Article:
On Tuesday, Donald Trump announced a delayed end to Barack Obama’s executive amnesty, presumably to bring urgency to congressional efforts at immigration reform. Attorney General Jeff Sessions described the program this way: “The executive branch through DACA deliberately sought to achieve what the legislative branch specifically refused to authorize on multiple occasions.”
That’s true as far as it goes. The problem is that the legislative branch, dominated by Republicans for quite a while, has refused to do much of anything regarding the millions of people who live and are building their lives in America without any legal right to be here. After venting publicly about Obama, and privately about Trump, Republican lawmakers should blame themselves for the toxic politics of ending DACA. This mess is partly their own making.
Famously, J. Paul Getty said that if you owe the bank one hundred dollars, that’s your problem; if you owe the bank $100 million, that’s the bank’s problem. A similar dynamic is at work with immigration. If you’ve been in the country for a few months or years without legal status, that’s your problem. If you’ve been in the country for two or three decades without legal status, that’s the government’s problem.
Of course it’s an absurdity to deport thirty-something Anglophones who have no memory of their country of origin back to Mexico or Guatemala. And it looks gratuitous to use them as bargaining chips in the immigration debate.
Decades of Republican lies about immigration reform and enforcement have led us to this point. In 1986 restrictionists were told that a limited amnesty would be followed by rigorous enforcement. The amnesty wasn’t as limited as promised, and the enforcement never came. Since that time, every few years, a new “comprehensive” approach to immigration tries to bring Republicans back to the 1980s. Republicans get out on the trail and make campaign commercials saying “Finish the dang fence!” Then they get in office and write up a massive amnesty to go along with a doubling of legal immigration.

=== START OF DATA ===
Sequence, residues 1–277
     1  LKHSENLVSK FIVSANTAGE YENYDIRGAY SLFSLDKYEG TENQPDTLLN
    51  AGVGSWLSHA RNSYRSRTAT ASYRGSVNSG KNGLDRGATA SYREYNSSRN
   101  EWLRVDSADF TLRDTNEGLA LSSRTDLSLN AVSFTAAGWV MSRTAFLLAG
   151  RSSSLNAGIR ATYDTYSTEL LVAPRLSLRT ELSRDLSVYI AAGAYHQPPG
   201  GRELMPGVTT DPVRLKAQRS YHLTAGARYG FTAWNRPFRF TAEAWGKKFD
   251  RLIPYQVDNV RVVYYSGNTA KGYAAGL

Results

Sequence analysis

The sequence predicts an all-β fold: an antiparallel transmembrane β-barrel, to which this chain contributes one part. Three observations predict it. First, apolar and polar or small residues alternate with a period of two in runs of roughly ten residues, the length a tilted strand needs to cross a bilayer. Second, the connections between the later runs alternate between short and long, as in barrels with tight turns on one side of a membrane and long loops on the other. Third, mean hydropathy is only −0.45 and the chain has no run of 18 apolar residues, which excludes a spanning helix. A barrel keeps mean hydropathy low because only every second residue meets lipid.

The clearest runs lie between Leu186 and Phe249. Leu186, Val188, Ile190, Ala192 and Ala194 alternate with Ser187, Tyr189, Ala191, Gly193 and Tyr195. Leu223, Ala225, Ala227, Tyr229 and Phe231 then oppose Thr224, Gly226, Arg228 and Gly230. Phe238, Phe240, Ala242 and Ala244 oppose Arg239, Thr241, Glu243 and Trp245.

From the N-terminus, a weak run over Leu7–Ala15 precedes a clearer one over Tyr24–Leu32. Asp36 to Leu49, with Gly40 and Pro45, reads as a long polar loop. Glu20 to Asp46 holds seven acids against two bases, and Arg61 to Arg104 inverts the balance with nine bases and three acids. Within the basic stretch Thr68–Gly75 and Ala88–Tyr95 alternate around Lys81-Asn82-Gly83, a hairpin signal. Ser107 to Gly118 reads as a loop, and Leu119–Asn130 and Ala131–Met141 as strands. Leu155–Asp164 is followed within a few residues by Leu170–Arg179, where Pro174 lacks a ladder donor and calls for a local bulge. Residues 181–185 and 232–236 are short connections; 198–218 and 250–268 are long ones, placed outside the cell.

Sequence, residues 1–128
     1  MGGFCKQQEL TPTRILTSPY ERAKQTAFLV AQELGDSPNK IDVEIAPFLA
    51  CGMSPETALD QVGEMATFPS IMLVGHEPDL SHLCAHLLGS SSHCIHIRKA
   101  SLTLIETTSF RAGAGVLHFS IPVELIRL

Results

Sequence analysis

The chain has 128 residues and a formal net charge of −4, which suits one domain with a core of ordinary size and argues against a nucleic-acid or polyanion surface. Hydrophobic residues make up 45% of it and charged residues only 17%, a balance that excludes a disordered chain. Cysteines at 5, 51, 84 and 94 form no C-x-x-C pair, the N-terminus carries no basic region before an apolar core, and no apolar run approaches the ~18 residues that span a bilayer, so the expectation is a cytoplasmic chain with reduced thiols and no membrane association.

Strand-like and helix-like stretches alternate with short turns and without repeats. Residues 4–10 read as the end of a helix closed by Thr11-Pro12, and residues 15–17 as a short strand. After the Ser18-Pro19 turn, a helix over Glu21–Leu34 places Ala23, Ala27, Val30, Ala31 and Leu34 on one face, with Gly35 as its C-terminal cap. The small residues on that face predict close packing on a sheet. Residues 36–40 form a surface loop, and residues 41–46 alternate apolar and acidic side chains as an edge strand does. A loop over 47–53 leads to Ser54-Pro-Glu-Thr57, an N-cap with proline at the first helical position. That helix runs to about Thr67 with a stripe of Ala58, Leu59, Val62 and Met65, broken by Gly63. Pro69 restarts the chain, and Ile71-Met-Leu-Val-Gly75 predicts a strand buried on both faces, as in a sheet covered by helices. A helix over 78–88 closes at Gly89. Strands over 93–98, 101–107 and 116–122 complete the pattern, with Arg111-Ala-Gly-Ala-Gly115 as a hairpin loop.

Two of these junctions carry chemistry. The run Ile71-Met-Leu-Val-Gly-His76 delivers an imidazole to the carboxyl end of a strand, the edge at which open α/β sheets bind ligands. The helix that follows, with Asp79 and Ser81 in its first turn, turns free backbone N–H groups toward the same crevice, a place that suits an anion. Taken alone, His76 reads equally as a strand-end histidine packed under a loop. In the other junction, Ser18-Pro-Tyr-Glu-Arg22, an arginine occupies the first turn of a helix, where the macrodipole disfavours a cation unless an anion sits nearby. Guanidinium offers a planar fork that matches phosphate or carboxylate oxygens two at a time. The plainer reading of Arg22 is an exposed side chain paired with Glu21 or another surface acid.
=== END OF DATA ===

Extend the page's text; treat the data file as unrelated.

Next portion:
Along came Trump, who can beat anyone at a game of promising things he won’t deliver. He very quickly out-promised normal Republicans on immigration reform. Part of his success in convincing restrictionists that he was serious was his willingness to say impolitic or even outright racist things when talking about the issue. His willingness to take some political damage for their cause, they reasoned, was a sign of authenticity. Yet you have to wonder sometimes: In the long run, did the political damage fall on Trump or on the restrictionist cause?
The fact is that Republicans were, by sins of omission and commission, complicit in the buildup of a population of illegal immigrants in America that is well over 10 million strong.
Even though just last week he pardoned the notoriously cruel and corrupt lawman Joe Arpaio, Trump tried to advertise his benevolent motives this week. While he is ending DACA, he said in a written statement, “I do not favor punishing children, most of whom are now adults, for the actions of their parents.” But, he’s not above using their fate as a bargaining chip.
The fact is that Republicans were, by sins of omission and commission, complicit in the buildup of a population of illegal immigrants in America that is well over 10 million strong. Sure, at some point they intended to grant most of them amnesty of some kind. But in the meantime, people who have built their whole lives in a country they have no legal right to be in are vulnerable in so many ways. They are vulnerable to employers who cheat them of wages, to landlords who cheat them of rent, and to criminals who can take advantage of their unwillingness to call the police. And finally, they are vulnerable to sudden shifts in the political wind, as Trump’s rescinding of DACA shows.
A serious country, one that cared about the democratic nature of its society, would never have permitted a population of 800,000 people who fit the “Dreamer” description build up in this country and live so much of their lives here without legal status. That’s why it was such an easy political win for Obama to grant them a simulation of legal status. He was addressing an urgent issue, and doing so from a position of liberality, even if not lawful.
Three decades of negligence is enough. It has created an America that is more socially divided, it has habituated a population of millions of newcomers to the idea that American law turns on a whim, and it has radicalized people who just want to have what Peter Thiel called a normal country.
Trump has thrown down the gauntlet to a Republican caucus in a crude and cynical way. Even so, they should still take up the opportunity to resolve the legal status of the “Dreamers” and everyone else living here without the full protection of the law too.